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Recovery Strategy for the Grey Whale (Atlantic population) in Canada [Proposed]
The grey whale is a medium to large-sized mysticete (baleen) whale, with a maximum length of around 15 m. Its skin colour ranges from dark to light grey with various degrees of mottling. Because of a variety of distinctive characteristics, the species is placed in the monotypic family Eschrichtiidae, separate from all other whales.
Historically found in the North Atlantic and North Pacific, the species is currently extant only in the North Pacific where there are two populations. Distribution in the western North Atlantic, including Atlantic Canada, is inferred from the distribution of subfossil remains, historical observations of whaling captains, and distribution and migratory behaviour of the extant eastern Pacific population. Subfossil remains and whaling observations are known from New England to southern Florida. Atlantic grey whales may have visited Canadian waters including the Scotian Shelf, Gulf of St. Lawrence, Grand Banks, and possibly as far north as Hudson Bay.
Grey whales are thought to have become extirpated from the western North Atlantic before the end of the 1800s, and specialists have inferred that the population was extirpated due to harvesting.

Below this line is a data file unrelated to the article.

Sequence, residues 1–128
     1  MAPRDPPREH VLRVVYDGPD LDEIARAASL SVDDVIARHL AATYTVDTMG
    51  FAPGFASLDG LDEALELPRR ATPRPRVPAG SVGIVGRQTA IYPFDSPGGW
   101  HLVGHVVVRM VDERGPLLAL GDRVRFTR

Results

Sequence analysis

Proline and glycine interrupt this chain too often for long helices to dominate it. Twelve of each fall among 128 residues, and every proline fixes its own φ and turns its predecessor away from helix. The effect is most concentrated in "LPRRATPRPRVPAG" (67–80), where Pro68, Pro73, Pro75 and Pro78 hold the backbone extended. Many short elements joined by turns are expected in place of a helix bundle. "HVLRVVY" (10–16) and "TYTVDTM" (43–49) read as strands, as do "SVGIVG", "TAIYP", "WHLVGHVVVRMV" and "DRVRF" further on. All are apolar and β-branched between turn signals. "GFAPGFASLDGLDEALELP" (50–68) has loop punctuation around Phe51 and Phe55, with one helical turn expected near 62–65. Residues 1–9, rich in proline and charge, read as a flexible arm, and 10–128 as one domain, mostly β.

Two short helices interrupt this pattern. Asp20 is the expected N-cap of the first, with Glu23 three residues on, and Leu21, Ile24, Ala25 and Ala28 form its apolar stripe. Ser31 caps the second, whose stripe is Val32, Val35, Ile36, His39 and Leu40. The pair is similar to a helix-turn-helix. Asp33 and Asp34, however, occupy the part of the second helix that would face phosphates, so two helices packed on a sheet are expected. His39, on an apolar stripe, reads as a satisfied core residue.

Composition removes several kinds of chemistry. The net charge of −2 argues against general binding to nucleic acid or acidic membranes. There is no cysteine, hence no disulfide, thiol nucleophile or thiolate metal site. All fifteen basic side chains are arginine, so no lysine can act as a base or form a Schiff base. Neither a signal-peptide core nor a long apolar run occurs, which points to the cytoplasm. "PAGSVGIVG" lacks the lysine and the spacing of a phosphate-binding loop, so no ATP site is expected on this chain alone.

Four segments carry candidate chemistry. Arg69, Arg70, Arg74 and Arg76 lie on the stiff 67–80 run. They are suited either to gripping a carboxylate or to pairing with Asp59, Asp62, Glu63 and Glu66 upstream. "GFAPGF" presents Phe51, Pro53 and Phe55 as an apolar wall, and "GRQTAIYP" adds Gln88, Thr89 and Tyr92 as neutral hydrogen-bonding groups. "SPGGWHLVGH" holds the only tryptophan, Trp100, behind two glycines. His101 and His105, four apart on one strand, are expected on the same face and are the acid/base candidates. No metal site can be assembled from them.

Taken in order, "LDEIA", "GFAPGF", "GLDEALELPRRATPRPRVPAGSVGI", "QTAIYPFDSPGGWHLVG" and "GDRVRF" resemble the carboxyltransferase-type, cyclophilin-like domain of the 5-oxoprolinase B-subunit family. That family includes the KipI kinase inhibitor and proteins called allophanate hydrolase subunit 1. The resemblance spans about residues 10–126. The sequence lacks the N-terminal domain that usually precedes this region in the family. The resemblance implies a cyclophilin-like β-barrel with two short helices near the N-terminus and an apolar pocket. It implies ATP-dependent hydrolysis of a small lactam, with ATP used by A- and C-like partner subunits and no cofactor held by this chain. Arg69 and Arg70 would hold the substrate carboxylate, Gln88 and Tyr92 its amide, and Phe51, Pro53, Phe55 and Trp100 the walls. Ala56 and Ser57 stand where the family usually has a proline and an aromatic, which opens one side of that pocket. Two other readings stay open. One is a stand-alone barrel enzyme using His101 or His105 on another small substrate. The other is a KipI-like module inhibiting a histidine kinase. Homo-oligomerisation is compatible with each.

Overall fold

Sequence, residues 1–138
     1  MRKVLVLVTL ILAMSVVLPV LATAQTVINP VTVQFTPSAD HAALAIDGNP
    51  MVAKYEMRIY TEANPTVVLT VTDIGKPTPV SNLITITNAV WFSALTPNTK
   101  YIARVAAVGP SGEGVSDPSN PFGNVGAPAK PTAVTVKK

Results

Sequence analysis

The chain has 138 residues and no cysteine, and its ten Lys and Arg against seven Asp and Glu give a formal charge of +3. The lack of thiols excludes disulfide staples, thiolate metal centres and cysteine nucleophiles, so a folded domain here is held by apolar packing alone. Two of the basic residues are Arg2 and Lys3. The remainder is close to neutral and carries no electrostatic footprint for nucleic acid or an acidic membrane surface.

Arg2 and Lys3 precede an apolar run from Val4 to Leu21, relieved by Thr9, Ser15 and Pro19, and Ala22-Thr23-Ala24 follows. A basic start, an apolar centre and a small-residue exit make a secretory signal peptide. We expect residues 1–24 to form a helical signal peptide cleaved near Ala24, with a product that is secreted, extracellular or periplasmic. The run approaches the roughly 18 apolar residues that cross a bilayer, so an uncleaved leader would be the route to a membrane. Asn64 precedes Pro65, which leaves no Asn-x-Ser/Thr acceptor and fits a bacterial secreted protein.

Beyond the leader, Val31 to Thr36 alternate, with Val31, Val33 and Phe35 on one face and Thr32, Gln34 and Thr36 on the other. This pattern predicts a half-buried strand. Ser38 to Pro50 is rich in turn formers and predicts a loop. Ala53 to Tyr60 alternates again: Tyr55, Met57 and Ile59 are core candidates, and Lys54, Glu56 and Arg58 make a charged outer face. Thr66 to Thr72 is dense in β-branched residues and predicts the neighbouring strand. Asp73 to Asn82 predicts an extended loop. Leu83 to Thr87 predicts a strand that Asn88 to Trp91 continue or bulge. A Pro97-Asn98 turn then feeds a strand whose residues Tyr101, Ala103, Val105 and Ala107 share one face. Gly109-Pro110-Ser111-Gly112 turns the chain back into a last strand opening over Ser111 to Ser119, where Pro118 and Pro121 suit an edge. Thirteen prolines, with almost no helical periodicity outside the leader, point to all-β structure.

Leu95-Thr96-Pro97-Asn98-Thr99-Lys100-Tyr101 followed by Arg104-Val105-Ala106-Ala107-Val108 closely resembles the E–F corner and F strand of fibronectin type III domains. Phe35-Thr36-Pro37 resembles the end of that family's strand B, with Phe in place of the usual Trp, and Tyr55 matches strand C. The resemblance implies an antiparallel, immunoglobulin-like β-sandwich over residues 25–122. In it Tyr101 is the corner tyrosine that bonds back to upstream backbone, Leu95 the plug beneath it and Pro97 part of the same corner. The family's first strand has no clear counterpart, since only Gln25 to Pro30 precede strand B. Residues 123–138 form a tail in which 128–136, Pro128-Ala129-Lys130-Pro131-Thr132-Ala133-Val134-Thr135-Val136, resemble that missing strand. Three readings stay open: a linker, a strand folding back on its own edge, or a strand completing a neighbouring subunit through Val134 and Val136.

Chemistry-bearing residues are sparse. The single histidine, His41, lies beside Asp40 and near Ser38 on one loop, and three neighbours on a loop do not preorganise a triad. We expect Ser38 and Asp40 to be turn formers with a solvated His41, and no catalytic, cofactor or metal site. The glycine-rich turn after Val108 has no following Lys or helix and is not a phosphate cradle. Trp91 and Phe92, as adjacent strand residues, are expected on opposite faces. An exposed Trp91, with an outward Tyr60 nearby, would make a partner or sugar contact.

There is no information on the biological needs or the critical habitat of the western North Atlantic population of grey whales, which would have included individuals occurring in Canada. Based on information from the eastern North Pacific population, northwest Atlantic grey whales would have required productive feeding grounds in northern waters, shallow warm protected coastal lagoons for breeding and calving in southern subtropical waters, and a migratory corridor, probably within a few kilometers of the shoreline, connecting these areas. The primary historical threat was harvesting, but harvesting large whales is no longer permitted in Canada except for very limited subsistence needs of northern Aboriginal people. Current potential threats to grey whales include entanglement in fishing gear, ship strikes, and degradation of coastal habitats.
Recovery of this population is determined to be not feasible. Although individuals exist in the eastern North Pacific to support reintroduction, a large number (more than 100) would be required to re-establish a viable population, and the transport of large whales on this scale has not been shown to be feasible. Even if reintroduction on this scale were feasible, it is highly doubtful that the long migratory pattern and complex ecological relationships essential to the life cycle of this species could be re-established.
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